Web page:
Crescendoing into its final performance of the season, the 2022 Music School Festival Orchestra will soon watch the flick of Maestro Timothy Muffitt’s baton for the last time. The MSFO will present its final ensemble performance at 8:15 p.m. tonight in the Amphitheater.
“(There’s) always a lot of emotions,” said Muffitt, the School of Music’s artistic director and MSFO conductor. “There will be a great sense of satisfaction that we’ve completed this, but at the same time, I’m always sorry when it’s over, because it’s a very special environment for music-making.”
Sarah Malinowski-Umberger, manager of the Schools of Performing and Visual Arts, described the season’s end as “bittersweet — it always is.”
The 80-plus musicians in the MSFO have completed a monumental amount of work throughout the past eight weeks, including meticulous training, numerous performances in the Amp and other musical activities.
“The learning curve is steep,” Muffitt said. “We dive right in headfirst and we grow a lot with every rehearsal. There’s really no stagnation. … We will do things on Monday night that we would not have been able to do earlier in the summer.”
Beyond the rigorous nature of the program, the MSFO has had to navigate COVID-19 scares with the mentality that the show must go on, as long as it is safe to do so. Last week’s collaboration between the Chautauqua Opera Conservatory and the MSFO for The Cunning Little Vixen required last–minute tailoring due to people in key roles testing positive with COVID-19.
“The opera we just did … was immensely challenging in just about every regard. Just the demands on the individual in that work are huge, (for) the singers, the orchestra, the conductor, the coaches and everyone that was involved in it,” Muffitt said. “… And I think that was a remarkable coming together and a huge success.”
With the last-minute changes, Muffitt said he was proud of the way everyone involved rose to the occasion, as “this is the performing arts in 2022.”
Calling the resilience of the MSFO and faculty members inspiring, Malinowski-Umberger said each MSFO performance was a highlight in its own right.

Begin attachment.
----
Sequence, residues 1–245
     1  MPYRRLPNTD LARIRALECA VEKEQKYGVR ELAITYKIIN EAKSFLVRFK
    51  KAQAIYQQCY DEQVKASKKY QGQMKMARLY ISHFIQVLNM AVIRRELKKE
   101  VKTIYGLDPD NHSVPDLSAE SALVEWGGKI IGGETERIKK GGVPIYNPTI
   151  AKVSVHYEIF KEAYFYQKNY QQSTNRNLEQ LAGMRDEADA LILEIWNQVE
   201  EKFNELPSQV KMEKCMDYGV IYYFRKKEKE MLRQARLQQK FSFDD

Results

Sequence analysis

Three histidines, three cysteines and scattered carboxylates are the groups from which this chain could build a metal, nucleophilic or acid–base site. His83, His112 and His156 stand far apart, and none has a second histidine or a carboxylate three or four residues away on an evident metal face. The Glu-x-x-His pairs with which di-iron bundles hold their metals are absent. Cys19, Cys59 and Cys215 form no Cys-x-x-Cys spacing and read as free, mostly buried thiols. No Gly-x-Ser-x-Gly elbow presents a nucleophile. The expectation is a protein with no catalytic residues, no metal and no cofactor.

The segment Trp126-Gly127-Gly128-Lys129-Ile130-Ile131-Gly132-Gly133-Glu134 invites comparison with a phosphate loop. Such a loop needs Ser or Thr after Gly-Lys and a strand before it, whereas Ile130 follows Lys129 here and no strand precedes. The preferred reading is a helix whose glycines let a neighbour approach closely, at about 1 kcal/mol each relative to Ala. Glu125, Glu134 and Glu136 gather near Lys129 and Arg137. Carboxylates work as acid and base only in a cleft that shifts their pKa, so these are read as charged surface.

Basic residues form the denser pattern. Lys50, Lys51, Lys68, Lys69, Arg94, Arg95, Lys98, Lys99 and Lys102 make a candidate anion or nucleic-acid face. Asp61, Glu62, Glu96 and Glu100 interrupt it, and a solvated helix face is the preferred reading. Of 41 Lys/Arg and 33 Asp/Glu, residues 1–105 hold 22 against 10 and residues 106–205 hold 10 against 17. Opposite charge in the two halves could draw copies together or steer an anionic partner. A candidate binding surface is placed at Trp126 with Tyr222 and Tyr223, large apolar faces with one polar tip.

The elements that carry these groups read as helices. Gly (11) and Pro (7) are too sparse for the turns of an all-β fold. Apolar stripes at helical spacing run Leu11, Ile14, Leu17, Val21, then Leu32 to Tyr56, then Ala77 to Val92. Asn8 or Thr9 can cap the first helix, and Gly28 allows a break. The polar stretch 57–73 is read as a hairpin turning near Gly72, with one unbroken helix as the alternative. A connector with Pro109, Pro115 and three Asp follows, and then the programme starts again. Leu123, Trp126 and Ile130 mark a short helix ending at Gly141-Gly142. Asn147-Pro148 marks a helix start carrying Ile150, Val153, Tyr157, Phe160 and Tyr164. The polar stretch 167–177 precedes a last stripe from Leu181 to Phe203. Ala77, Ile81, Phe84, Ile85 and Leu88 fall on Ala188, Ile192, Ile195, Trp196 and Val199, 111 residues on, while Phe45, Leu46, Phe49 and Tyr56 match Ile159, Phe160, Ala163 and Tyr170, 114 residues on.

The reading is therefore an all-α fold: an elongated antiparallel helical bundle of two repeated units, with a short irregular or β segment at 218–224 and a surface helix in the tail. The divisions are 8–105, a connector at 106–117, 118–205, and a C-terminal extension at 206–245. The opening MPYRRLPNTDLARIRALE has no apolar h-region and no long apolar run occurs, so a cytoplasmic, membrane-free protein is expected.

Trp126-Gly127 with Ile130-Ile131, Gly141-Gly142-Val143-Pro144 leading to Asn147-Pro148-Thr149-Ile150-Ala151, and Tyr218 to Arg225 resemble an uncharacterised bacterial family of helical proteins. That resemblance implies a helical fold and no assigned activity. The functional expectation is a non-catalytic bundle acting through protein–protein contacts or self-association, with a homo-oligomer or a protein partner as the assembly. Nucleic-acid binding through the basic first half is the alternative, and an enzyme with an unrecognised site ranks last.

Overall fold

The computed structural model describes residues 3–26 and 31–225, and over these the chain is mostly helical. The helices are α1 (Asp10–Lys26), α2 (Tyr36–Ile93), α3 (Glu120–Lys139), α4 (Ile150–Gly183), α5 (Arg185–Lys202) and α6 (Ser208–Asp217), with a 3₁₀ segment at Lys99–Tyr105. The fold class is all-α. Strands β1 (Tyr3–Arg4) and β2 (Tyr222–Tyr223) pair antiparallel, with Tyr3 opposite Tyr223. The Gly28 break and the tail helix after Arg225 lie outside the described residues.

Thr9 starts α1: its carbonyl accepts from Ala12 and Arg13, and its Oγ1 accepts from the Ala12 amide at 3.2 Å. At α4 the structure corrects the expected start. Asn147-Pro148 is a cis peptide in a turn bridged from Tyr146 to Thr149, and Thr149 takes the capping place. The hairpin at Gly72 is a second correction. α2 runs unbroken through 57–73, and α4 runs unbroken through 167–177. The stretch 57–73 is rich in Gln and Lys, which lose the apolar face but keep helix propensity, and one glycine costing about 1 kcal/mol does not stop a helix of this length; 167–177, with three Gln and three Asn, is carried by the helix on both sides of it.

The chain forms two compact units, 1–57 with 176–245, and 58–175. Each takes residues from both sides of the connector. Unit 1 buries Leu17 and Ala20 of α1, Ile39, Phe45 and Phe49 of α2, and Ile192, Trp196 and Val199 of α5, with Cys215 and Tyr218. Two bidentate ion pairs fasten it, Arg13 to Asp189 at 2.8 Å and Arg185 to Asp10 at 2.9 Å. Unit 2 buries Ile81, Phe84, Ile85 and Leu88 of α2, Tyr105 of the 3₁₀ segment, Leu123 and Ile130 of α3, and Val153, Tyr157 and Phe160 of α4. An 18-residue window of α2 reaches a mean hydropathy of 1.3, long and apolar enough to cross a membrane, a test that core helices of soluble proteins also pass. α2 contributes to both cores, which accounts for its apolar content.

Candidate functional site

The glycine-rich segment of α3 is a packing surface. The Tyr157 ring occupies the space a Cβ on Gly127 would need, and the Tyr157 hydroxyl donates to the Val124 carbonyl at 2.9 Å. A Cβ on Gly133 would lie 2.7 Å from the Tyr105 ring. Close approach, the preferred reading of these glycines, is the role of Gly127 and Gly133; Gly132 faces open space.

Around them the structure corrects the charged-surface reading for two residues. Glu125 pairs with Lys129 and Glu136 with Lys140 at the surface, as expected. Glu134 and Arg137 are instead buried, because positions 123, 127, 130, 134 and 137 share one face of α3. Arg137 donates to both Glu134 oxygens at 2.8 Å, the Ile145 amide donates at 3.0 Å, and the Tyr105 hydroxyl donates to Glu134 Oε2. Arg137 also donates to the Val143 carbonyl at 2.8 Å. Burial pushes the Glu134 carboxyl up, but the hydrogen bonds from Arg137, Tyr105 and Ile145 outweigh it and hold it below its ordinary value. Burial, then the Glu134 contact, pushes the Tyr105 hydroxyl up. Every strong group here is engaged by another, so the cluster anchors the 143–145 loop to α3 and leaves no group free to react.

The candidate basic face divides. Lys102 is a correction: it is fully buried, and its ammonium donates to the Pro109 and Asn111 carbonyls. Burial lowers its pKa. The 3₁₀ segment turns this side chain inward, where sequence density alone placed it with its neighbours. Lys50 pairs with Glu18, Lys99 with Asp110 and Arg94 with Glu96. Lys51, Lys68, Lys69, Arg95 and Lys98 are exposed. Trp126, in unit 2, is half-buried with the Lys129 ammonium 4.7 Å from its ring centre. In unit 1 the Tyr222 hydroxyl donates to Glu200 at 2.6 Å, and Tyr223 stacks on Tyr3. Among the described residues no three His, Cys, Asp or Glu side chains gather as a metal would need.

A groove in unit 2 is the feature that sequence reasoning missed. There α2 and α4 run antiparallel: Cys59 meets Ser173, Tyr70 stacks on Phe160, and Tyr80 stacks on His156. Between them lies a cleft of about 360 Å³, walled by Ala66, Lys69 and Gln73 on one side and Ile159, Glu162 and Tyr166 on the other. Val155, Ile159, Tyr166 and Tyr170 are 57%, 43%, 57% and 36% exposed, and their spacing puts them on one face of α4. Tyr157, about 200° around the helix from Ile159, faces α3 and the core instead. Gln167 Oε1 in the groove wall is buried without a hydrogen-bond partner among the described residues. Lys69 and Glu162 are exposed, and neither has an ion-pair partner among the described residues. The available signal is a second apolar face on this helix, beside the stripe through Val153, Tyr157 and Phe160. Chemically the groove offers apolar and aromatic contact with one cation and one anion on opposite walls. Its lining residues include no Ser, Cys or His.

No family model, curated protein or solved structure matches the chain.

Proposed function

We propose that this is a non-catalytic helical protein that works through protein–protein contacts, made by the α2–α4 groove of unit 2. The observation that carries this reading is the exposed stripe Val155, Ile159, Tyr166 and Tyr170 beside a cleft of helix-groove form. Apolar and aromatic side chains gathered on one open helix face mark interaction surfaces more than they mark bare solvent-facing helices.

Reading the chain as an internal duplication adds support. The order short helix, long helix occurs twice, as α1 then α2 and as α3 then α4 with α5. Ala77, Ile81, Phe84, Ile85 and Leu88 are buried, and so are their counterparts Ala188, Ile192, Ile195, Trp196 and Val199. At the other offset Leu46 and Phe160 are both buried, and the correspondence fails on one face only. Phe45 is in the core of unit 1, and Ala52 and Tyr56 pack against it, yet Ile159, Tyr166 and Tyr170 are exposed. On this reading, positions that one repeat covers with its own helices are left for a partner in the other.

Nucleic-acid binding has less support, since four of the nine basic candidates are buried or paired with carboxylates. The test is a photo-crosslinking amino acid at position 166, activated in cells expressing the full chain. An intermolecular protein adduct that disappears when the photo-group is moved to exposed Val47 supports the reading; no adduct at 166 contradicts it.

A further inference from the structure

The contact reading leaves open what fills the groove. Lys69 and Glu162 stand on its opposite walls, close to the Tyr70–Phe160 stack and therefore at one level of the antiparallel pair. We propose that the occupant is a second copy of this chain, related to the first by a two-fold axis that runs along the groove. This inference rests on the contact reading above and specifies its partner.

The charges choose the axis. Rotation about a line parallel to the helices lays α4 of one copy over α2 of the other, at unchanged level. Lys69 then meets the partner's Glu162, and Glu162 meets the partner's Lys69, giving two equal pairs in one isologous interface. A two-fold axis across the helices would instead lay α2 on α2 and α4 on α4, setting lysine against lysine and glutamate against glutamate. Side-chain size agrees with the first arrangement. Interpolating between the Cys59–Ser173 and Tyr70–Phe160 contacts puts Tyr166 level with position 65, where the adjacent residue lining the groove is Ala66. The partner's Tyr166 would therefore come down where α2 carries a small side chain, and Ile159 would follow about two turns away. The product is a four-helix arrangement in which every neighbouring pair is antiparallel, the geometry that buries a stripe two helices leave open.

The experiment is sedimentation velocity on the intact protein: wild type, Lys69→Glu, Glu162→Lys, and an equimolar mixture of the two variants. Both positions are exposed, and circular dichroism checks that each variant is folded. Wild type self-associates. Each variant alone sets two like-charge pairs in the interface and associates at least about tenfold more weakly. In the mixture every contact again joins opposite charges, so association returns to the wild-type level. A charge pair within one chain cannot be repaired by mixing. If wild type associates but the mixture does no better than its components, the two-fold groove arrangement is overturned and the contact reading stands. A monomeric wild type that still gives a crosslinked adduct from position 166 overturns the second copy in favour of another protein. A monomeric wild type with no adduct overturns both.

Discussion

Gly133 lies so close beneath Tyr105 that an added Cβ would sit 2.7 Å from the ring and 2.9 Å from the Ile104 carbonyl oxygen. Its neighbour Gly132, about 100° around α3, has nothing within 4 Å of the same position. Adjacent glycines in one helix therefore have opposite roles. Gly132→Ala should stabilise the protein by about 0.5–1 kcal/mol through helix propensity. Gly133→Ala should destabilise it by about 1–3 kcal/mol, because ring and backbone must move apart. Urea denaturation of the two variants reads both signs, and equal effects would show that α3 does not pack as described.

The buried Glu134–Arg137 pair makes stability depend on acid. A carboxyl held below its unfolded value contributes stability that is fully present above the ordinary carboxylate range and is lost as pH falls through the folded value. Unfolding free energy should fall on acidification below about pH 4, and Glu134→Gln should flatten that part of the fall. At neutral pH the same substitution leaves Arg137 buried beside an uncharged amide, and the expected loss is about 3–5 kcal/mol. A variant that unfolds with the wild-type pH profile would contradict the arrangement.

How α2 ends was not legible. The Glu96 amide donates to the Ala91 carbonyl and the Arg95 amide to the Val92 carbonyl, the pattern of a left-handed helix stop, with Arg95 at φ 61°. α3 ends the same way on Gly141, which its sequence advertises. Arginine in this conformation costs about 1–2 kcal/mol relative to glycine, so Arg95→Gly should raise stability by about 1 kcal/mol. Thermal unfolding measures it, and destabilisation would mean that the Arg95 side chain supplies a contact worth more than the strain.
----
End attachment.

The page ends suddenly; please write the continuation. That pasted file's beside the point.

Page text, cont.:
“Each of their concerts were so different and spectacular,” Malinowski-Umberger said. “… These students came here to work hard and learn; their performances speak for themselves.”
As the students prepare for their departure from the grounds, clarinetist Victor Battista said the high-intensity season has helped him grow as a musician.
“At these festivals, you can feel like you’re under a pressure cooker, because you have to learn a lot of repertoire in such a small amount of time,” Battista said. “It has brought to light to not be so hard on myself when learning things that quickly … (and) that the more I do something, the better I get at it.”
The orchestra only rehearses together for six days before each concert, with each rehearsal lasting two-and-a-half hours. This speaks to the fast-paced nature of being a part of the MSFO.
While in this program, Battista has spent the season exploring the e-flat clarinet, which is a smaller version of the standard clarinet.
“I haven’t had much experience with it before,” Battista said. “… It’s really cool because I get to play the e-flat in this last concert, so I think it really puts to light the work that I’ve put in on that auxiliary instrument.”
Tonight’s program includes Prokofiev’s Symphony No. 5 in B-flat Major, Op. 100 and Carlos Simon’s “Tales: A Folklore Symphony.” Muffitt will conduct the Prokofiev piece, while 2022 David Effron Conducting Fellow Yeo Ryeong Ahn will conduct the Simon piece.
Prokofiev’s Symphony is a colossal work that involves all of the players in the orchestra, and Muffitt calls it extraordinary.
“It’s also a great piece of music for this time that we’re in now,” Muffitt said. “It was written during World War II, and somehow in the middle of that human tragedy, Prokofiev found a voice of optimism.”
Simon is a living African American composer, whose work reflects on his heritage. His work also serves the present moment in its quality and storytelling abilities.
“It’s a piece that is today. It’s music of our time, and it’s vital,” Muffitt said. “Just another wonderful work for the orchestra to sink its teeth into.”
Erin Hennessey, a MSFO violinist from Ireland, is looking forward to performing both of these pieces on closing night.
“I’ve never played either, and I’m really looking forward to both,” Hennessey said. “But I am most excited for Prokofiev’s. It is really fun (to play).”
Nearly everyone involved with the MSFO wants the audience to feel the same sense of exhilaration and completion as they will feel while they perform.
“They sound incredible,” Malinowski-Umberger said. “Everyone will be blown away.”
Hoping to provide an escape for audience member’s day-to-day lives, Battista said he hopes that they will recognize how valuable art is in the form of orchestral music.
“I think (presenting music while helping others to put aside their problems) is one of the most valuable things we can do as performers,” Battista said.
Hennessey wants the audience to feel inspired and feel the energy vested within the cohort of students.
“I hope they can share the excitement that we’re bringing to the performance,” Muffitt said. “… I hope the audience can tap into that with us. I hope they feel uplifted by it (through) a dose of hope, optimism and joy.”